Bishop Earl G. Hunt Jr., 86, a resident of Givens Estates, died Saturday, March 26, 2005.
Hunt was born in Johnson City, Tenn., on Sept. 14, 1918, the son of Earl Gladstone and Tommie Mae DeVault Hunt. He received his B.S. from East Tennessee State University in 1941 and his M.Div. from Candler School of Theology in 1946, the latter while serving a student appointment at Sardis Methodist Church in Atlanta. He was ordained deacon and elder by Bishop Paul B. Kern and joined the Holston Annual Conference.
He is survived by his wife, Mary Ann Kyker Hunt of Given Estates; his son, Dr. Earl Stephen Hunt and wife Edeltraut of Bethesda, Md.; and special friends, Frances and James Hart of Lake Junaluska, N.C.
Bishop Hunt received 11 honorary degrees from various colleges and universities. He was a popular radio and television preacher and lecturer and a trustee of numerous institutions.
Ordained in The United Methodist Church in 1944, he served pastorates in Georgia and Tennessee from 1942 to 1956. Hunt began his pastoral ministry in the Holston Conference, where he served pastorates in Kingsport, Chattanooga and Morristown, Tenn., where in 1952, he was named "Young Man of the Year". His local church pastorate was interrupted in 1960 by his election to the presidency of Emory & Henry College, where he built a strong faculty, increased the endowment and expanded the physical facilities.
In 1964, the Southeastern Jurisdiction elected Earl Hunt to the episcopacy, one of the youngest bishops in Methodism, and was assigned to the Charlotte, N.C., area. In an exceptional term of 12 years, his courageous ministry led him to appoint the first African-American to the district superintendency in the Southeastern Jurisdiction and to organize a Lay Advisory Council.
In 1976, the Hunts were appointed to the important Nashville area, where several of Methodism's general agencies are located. Here he began another ministry – writing. He had previously edited the book, Storms and Starlight, a volume of messages written by our bishops on the Holy Spirit.
In Nashville, he wrote, "I Have Believed", which was followed by, "A Bishop Speaks His Mind", "Recovering The Sacred" and the "Denman Lectures, Evangelism For A New Century". At the time of his death, he was finishing his last book entitled, "An Open Door".
In 1980, the Hunts were sent to the Florida area. While in Florida, he was given one of the most important assignments of his lifetime, to chair the Committee on Our Theological Task. Though he was assisted by a distinguished group of theologians, the document adopted by the General Conference in 1988 bears the unmistakable mark of his own incisive style.
This doctrinal statement still comprises Part II of "The Book of Discipline of The United Methodist Church".
Bishop Hunt served as president of the Council of Bishops of The United Methodist Church from 1987-88. He was chairperson of the General Committee on Family Life of the Methodist Church from 1965-1972. He served as president of the General Board of Higher Education and Ministry from 1984-1988. A member of the governing board of the National Council of Churches for 12 years, he served also for 10 years on the executive committee of the World Methodist Council and was awarded the World Methodist Chair of Honor in 1988. He was a preacher on the Methodist Series of "The Protestant Hour", a nationwide radio program and the author of many articles on education and religion. His sermons and essays have appeared in numerous anthologies. Bishop Hunt served as a trustee of 10 colleges and universities, as well as many other organizations.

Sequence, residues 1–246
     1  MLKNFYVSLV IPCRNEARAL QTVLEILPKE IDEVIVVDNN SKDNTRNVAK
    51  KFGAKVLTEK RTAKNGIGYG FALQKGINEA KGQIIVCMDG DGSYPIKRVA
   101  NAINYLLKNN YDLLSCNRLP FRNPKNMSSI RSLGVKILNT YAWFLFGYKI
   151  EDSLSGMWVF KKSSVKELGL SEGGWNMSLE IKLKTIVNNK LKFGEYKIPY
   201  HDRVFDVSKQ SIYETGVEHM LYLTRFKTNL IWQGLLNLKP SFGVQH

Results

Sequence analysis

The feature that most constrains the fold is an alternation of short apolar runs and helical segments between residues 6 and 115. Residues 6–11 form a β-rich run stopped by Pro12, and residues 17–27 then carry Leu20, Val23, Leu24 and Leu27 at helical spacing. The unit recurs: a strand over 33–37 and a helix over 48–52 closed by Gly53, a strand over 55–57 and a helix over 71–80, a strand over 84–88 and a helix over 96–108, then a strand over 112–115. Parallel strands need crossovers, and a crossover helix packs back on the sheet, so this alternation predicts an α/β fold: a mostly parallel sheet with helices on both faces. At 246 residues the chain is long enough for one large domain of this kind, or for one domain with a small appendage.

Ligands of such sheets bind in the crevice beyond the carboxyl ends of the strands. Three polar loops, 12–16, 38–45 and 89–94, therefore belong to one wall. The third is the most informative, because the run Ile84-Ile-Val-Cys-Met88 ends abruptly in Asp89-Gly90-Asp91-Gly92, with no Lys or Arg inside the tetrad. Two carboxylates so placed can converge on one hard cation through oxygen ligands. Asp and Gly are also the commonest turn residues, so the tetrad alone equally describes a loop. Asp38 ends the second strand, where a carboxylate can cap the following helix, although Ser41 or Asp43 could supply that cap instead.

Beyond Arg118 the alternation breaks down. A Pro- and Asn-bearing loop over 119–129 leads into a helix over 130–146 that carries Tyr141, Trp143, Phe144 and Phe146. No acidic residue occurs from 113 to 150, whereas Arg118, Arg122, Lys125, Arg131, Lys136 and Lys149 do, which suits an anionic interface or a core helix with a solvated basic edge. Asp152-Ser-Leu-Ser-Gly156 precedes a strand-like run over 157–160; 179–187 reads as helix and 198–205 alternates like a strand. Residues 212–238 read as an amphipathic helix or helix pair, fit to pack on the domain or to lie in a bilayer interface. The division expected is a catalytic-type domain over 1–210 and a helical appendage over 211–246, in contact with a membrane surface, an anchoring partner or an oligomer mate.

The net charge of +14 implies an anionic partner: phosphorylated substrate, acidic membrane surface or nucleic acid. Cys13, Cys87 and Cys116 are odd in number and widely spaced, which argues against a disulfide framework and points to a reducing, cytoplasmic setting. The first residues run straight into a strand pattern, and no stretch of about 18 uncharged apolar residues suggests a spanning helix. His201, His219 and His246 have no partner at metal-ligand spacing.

In retirement, the Hunts moved to Lake Junaluska in 1988, where he began another phase of ministry by serving as president of The Foundation for Evangelism, an affiliate of The General Board of Discipleship. One of the remarkable aspects of the life of Earl Hunt was his ability to successfully express his unusual talents in so many phases of effective ministry – but at the center has always been education and responsible evangelism. The primary ministry of The Foundation for Evangelism is the funding of the E. Stanley Jones Professorships of Evangelism in United Methodist seminaries.
His important work at The Foundation helped bring a new awareness to Methodism, joining education and responsible evangelism. This helped refocus the church on her major mission of, "making disciples of Jesus Christ."
The Foundation for Evangelism and evangelism in the United Methodist Church is stronger today because of Bishop Earl Hunt. In his role as president of The Foundation, Earl Hunt may have made his most lasting contribution to World Methodism. In 2002, Bishop Hunt was given a most deserved honor when The Foundation for Evangelism, Lake Junaluska, selected him for his exemplary lifetime accomplishments in the area of evangelism as a lifetime distinguished evangelist of the United Methodist Church.
Services will be held at Longs Chapel United Methodist Church, Lake Junaluska, on Wednesday, March 30, 2005, at 11 a.m. The principal speakers will be Bishop Ken Carder and Dr. James B. Logan. The family will receive friends after the service. Pallbearers will be from the Foundation for Evangelism. Also a service will be at Monte Vista Memorial Park in Johnson City, at 4 p.m. on Wednesday afternoon, with Bishop Richard Looney officiating. The family will greet friends following the service.
Memorial gifts may be made to Emory & Henry College, P.O. Box 947, Emory, VA 24327; The Foundation for Evangelism, P.O. Box 985, Lake Junaluska, NC; or Givens Estates Resident Supplementary Assistance Fund, 2360 Sweeten Creek Road, Asheville, NC 28803.
For those who desire, an online memorial register is available at "Obituaries" at www.wellsfuneralhome.com.
Published in Bristol Herald Courier on Mar. 29, 2005.